MIRA 16
March 1987


AURIGA CLUSTERS



11th November, 1986. 21.00 - 22.15 UT.
Sky clear and transparent but hampered by a bright moon. 8½" Spec.
All views at x85     Field of view - 29'
Remarks: All three clusters in same vicinity of the sky and ideal for small telescopes or binoculars. M37 gives the most pleasing view with larger scopes.

Observer B Merrikin.

In addition to the three open star clusters illustrated which can easily be seen in binoculars, fine star fields can be seen whilst generally sweeping as the constellation lies within the Milky Way. Also refer to Mira 12, page 3 for details on double stars.


Summary of Astronomy Week at Southam
By Angela Turner

Although what can and was considered an utterly grotty start to the week with only three personages and a dog (!) turning up on our beautifully clear kick off night, the tide soon changed its course however and it wasn't long before we had the pleasure of having a queue behind our respected telescopes on the other clear nights.
Strictly speaking we may consider that we were exceptionally lucky weather wise and over the course of the week experienced no less-than three superbly clear nights where atmospheric clarity was also superb.   In view of the generous weather we therefore decided to extend the astronomy week over to Friday, Oct 17th to include the eclipse of the moon.  This proved to be a great success with an exceptionally large proportion of the public turning out to observe what was a very impressive eclipse; moreover we were fairly lucky as skies remained clear until! almost totality when the clouds set in and of course refused to budge.
Saturday, Oct 18th as was predicted gave us the greatest bulk of personages who cane to view such delights as Jupiter and the moon; Saturday being the one night where we knew we would be desperately short of telescopes (tempers too I night add!).  However, people did remain patient and after eight-o'clock we had what I can only call a good show of varied scopes.  Saturday in my opinion revealed the moon at its very best, being one day past first quarter there was an abundance of relief features to astonish the public.  It really is a very fine feeling when people look up in utter disbelief at what they have just seen, knowing that it is you who has just helped to educate them to the wonders of astronomy.  In all there wasn't one single person who complained at what they'd seen and everyone who came was more than impressed, and I'm very glad to say that as a direct result of our astronomy week we will have the pleasure of having some new members.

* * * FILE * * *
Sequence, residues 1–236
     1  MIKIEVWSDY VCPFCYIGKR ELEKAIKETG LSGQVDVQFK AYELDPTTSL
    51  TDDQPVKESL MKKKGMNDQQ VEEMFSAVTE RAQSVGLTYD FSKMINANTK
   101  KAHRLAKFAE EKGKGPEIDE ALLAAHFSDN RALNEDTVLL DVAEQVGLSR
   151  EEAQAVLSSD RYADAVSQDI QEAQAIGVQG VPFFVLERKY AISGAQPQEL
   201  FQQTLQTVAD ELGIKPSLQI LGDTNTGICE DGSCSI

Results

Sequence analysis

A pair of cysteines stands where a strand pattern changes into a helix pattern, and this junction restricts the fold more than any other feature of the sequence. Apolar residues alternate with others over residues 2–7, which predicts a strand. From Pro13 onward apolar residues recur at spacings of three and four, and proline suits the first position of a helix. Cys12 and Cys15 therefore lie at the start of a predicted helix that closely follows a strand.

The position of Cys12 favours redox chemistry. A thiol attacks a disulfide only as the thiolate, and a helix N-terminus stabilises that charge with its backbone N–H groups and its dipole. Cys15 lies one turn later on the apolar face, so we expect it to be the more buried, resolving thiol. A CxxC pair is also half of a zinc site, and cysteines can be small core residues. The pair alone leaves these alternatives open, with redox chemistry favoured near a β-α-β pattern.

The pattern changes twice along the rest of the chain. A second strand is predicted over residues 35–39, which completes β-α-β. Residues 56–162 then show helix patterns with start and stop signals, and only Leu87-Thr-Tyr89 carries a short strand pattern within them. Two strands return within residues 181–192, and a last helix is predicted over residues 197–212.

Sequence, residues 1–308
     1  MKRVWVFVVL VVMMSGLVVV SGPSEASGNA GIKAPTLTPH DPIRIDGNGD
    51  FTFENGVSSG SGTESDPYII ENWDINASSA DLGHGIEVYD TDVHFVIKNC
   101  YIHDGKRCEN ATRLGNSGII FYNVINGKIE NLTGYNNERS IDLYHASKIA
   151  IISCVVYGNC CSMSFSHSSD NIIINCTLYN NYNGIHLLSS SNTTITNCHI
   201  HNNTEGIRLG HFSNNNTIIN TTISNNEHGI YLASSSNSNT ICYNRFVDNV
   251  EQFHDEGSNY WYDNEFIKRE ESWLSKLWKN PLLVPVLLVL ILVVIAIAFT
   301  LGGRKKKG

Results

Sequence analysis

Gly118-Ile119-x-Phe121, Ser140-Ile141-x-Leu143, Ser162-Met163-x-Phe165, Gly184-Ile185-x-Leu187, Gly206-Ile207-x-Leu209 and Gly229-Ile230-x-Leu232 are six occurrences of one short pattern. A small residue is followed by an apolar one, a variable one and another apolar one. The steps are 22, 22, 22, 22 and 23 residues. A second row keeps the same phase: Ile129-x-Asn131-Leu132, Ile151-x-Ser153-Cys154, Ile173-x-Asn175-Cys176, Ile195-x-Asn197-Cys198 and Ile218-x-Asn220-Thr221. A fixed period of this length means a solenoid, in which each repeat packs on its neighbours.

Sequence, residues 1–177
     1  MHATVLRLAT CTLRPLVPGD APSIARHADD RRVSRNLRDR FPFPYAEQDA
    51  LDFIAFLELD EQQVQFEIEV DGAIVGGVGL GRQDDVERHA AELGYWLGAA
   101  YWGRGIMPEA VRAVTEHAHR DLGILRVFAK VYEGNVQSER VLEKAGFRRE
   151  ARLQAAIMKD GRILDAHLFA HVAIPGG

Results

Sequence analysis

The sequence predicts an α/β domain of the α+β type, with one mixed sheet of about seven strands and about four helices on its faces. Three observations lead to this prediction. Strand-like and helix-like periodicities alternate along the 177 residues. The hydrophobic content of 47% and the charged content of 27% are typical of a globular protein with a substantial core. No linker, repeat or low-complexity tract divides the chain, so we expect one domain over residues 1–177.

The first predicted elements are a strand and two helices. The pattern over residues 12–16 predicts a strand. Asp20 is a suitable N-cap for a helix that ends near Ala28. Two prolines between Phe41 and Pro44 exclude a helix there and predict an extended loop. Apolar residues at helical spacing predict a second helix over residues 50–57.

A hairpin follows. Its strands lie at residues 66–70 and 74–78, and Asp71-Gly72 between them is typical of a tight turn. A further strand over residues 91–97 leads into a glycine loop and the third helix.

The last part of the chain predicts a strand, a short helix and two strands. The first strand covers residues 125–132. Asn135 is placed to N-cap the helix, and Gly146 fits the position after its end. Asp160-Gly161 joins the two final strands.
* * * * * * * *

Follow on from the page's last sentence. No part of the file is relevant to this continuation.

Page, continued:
Besides generally having a good time our combined efforts managed to raise a sum of £26.70 for handicapped children and £11.35 for the society.   The difference in the monies being, the eclipse night of which we asked solely for donations to go to the charity for handicapped children.
My heartfelt thanks to all those who supported the society during the course of the week and how about it again next year?

Above is a comprehensive summary of the observing week at Southam which satisfied it's objectives which were firstly, for the general public to gain some idea of what can be seen through moderate telescopes of various celestial objects, second,to rise money for charity and thirdly, help to promote the Coventry and Warwickshire Astronomical Society.
Below is a letter of thanks and appreciation from the president of the Children Handicap Aid Fund to Angela in particular, who single handed organised the event with very little co-operation from the society.
Ed. VC


30th November 1986.
Dear Angela
I hope that you will forgive me for taking so long to thank you and all of your friends from the Coventry Astromany Society for the very kind Donation of almost £27 to our fund, I can assure you all that the money that you all put so much time and effort into will be put to a very good use, and appreciated, by children from all over the Warwickshire area, as the project for 1987/88 is to help not only the Handicapped, children, but to help any child in the area that might have a accident that requires hospital treatment, and that project is to help raise the funds for a Children only, Casualty Wing at Warwick Hospital.
I think you will all agree that this project although not yet official is a very worthy project, in fact it ip so worthy that many of the nursing staff are holding a meeting next Wednesday, and have asked me to attend to discuss ways of raising funds by way of a joint effort with C.H.A.F. and my committee and myself have agreed to give this venture our full support, and with the help of people like yourself and your friends in the Society I know that we will succeed.
Once again, on behalf of myself and the C.H.A.F. committee, I thank you all.

Yours Sincerly
Ray Sidgwick. President C.H.A.F.






Airborne Observing the Hard Way
By Mike Frost

We stood at the British Airways check in desk at Glasgow airport.
"Smoking or non-smoking?" the clerk behind the booking computer asked.
"Non-smoking please. And could we have window seats facing east please?"
He looked puzzled. "Facing east? Are you praying to Mecca or something?"
"No" I said patiently "I'd like to watch the eclipse of the Moon - it's happening tonight"
"Oh, I see "he laughed "I've never heard that one before let's see, the east facing side - that'll be on the left looking down the plane…"